It's a Shame About Randy

2008 was a brutal year for Republican incumbents. The economic crisis, a war that most Americans believe was unnecessary, and the most unpopular President in modern history were major obstacles. These factors alone could cause a loss for an average Member of Congress.

Randy Kuhl was in some ways above-average, because he had a 20+ year relationship with constituents in the Southern Tier. Randy is a household name there, yet his loss in some Southern Tier counties lost him the election. My view is that Randy lost because he lost that connection.

In 2006, Randy made and kept a promise to visit every town in the district. In 2008, Randy moved away from that promise. Because of a few raucous town hall meetings, Randy chose to turn what were open forums into appointment-only meetings.

Not only did Kuhl essentially curtail town-hall meetings, he compounded the problem by pretending that the new, appointment-only charades were equivalent to the old, open meetings. This just isn't true, and it reflects an unfortunate habit of Kuhl's: trying to have it both ways.

The worst aspect of Kuhl ducking town-hall meetings was how weak it made Randy look. If a few noisy radicals in Monroe County cause him to back away from a lifetime commitment to constituent interaction, voters start to wonder if Randy can stand up for them in the far tougher environs of Washington, DC.

Kuhl's refusal to debate Massa in an open forum fed into both the alienation from his constituents and the appearance of weakness. It's especially damaging that Kuhl refused to participate in the Leader/WETM debate, which was sponsored by two widely-respected Southern Tier media organizations.

Kuhl's whole handling of the debate controversy turned what could have been a negative for Massa into a positive for him. Whenever Massa brought up the issue, Kuhl attacked him for begin an eternal candidate, and for being a carpetbagger. Those attacks might have had some traction, but Massa also proved that he was tough enough to challenge the most powerful man in the Southern Tier. Kuhl could have made the whole thing go away by agreeing early on to a reasonable set of debates. Instead, Massa was able to drag it out, and look like a fighter for doing so.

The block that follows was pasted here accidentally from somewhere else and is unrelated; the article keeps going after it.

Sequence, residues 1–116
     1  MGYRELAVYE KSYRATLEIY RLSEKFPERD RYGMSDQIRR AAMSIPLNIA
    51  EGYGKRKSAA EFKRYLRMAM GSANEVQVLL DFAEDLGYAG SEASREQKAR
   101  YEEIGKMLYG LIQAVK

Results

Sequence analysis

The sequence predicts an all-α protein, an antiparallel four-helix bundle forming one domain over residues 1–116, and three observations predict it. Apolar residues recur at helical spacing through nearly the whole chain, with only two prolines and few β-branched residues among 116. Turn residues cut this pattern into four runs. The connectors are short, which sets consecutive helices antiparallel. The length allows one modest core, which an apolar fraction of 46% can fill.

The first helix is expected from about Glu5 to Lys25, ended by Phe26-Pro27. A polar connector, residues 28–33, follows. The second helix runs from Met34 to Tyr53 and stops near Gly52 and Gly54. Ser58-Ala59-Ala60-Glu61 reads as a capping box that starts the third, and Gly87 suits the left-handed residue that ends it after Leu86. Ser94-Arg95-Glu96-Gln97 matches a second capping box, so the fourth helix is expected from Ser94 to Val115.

The debate conversation was typical of the whole Kuhl/Massa conversation in the last two years. Massa would dare, and Kuhl would ask "How dare you?" In a time of economic uncertainty, voters prefer the candidate who appears tough and daring, not defensive.

Kuhl was very proud of his minority whip appointment in 2007, and it's clear that hanging out with the Republican leadership had a distinct impact on his rhetoric and campaign strategy. It's pretty easy to trace one of Kuhl's biggest blunders, ending town hall meetings, back to the bad advice he got from his new Republican buddies. In early 2007, at one of the raucous Monroe County town hall meetings, Kuhl noted that many of his friends in Congress criticized him for having a meeting in every town in the district. My thought at the time was that Randy needed some new friends -- that anyone who mistook one of his Randy's strengths for a weakness didn't understand Randy or the 29th.

I didn't hear his remarks at his "victory party" Tuesday night, but I'm told that San Francisco liberalism and Nancy Pelosi were heavily featured. Randy stuck to those talking points to the bitter end, and while they may have motivated the core of the base, the focus on Pelosi is another symptom of how Randy's new friends didn't help him much. Like every Republican, Randy was running against "change", a word emblazoned on Eric Massa's yard signs and embedded in the Obama campaign. Hating Nancy Pelosi is not a strategy for countering a change message.

It really is a shame about Randy. He's a decent guy with a long record of service. I think the 2006 Randy Kuhl might just have won this election. The 2008 Kuhl was just a little too close to DC, and bit too far from the Southern Tier, to pull it off.